# Greek keys - triangular patterns

Index --- style --- turns --- designs --- compare keys --- corners --- 2 dimensional --- modern --- triangular --- circular --- fractal --- copying --- origins

 Greek keys are square. Everyone knows that! I've recently visited Llantwit Church (near Cardiff), an ancient Christian site with some splendid Celtic crosses and carved stones in it. My main interest was the Celtic knots on the stones, but there was an attractive repeated pattern on tthe front of the Houelt Cross closely. I thought that I would copy it, and looking at it closer, discovered that it was a 2 dimensional triangular Greek key. The pattern is on the stem of the cross, in the middle of the photo. The lines of keys run up and down, see right. Here is one line, horizontal: It doesn't seem right to call it a Greek key. Perhaps it should be a Celtic or Welsh key.

In reproducing this pattern, I've made the slanting lines at 45° as this produces a smoother line on a computer (because of pixellation). I think that 60° might make a more attractive pattern (see below).

Triangular keys have several interesting developments. Firstly, if you look at the 2 dimensional pattern above, you can see that there are not four independent lines. The lefthand line joins to the next one along, and in fact it's a continuous line with no beginning or end. There are two of these on the cross, side by side. That is interesting in itself, but we can also construct a 2 dimensional pattern as big as we want it, which is one line. It does have a start and end, but it is a true 2 dimensional pattern. There is both a 45° and 60° version.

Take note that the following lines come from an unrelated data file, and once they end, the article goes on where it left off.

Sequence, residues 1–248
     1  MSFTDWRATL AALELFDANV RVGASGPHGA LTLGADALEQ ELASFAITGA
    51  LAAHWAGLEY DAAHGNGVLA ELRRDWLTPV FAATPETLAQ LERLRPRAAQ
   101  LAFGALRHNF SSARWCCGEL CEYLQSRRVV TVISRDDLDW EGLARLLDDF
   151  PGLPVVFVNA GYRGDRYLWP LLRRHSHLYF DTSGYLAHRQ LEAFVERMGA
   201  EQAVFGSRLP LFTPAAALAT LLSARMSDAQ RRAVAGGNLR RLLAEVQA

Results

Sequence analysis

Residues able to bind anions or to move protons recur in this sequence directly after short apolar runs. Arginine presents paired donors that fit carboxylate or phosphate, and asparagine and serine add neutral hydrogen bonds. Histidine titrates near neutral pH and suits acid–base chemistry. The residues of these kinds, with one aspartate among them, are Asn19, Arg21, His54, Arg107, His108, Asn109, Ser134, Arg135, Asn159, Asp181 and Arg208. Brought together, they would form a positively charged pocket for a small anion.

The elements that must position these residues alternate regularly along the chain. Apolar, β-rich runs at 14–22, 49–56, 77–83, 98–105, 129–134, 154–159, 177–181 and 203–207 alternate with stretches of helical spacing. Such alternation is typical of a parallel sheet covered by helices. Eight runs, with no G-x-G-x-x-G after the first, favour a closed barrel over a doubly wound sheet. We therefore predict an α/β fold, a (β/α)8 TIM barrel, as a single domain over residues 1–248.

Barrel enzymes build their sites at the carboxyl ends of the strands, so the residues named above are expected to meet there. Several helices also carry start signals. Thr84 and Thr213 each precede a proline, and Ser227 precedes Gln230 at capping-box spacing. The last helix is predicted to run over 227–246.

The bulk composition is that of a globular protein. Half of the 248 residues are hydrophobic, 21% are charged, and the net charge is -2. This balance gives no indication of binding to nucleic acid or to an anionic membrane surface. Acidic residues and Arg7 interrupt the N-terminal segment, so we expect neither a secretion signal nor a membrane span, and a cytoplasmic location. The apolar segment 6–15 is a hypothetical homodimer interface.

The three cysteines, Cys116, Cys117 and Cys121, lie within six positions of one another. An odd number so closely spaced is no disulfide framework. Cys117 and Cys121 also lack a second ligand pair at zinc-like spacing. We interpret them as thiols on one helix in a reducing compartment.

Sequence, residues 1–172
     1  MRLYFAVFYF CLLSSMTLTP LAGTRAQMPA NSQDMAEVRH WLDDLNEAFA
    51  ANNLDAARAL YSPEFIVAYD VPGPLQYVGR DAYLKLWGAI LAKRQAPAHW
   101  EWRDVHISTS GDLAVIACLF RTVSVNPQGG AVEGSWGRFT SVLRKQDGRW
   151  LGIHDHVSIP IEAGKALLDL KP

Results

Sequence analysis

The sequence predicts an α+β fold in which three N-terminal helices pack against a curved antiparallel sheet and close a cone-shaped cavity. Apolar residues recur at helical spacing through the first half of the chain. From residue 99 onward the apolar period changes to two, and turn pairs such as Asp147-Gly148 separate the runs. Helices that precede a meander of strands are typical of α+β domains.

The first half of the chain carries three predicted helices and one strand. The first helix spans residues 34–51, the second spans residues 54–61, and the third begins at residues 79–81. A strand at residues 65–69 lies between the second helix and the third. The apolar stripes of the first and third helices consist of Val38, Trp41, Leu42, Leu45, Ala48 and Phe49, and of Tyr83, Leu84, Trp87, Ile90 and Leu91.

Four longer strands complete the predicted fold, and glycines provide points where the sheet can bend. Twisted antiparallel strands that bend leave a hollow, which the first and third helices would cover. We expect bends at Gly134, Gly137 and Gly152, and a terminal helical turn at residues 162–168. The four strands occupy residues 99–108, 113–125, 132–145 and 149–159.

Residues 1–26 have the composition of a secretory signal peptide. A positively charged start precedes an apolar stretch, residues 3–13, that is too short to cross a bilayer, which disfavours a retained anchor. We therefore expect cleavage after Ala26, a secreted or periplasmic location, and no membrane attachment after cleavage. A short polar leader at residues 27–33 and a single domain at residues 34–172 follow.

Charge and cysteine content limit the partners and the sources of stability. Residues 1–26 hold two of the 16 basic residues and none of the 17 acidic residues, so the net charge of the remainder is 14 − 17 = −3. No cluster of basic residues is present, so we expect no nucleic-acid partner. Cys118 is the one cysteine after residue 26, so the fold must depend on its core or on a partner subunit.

Perhaps even more exiciting, we can use triangular Greek keys (Welsh keys!) to solve the problem of corners in a border. I have already discussed here the problem of corners in conventional Greek keys. Christopher Stanton has come up with some unconventional ideas. But if you use triangular keys then the solution is easy. This does need the 45° angle, and that means that you can join together two lines at the 45° edge. The corners are not quite the same; two alternate ones have a line at the outside and a gap on the inside, and the others are the opposite. We can disguise this by using the usual Greek key trick of a line outlining the border (see below). Of course, if you used 60° angles, then you could have a hexagon as a border!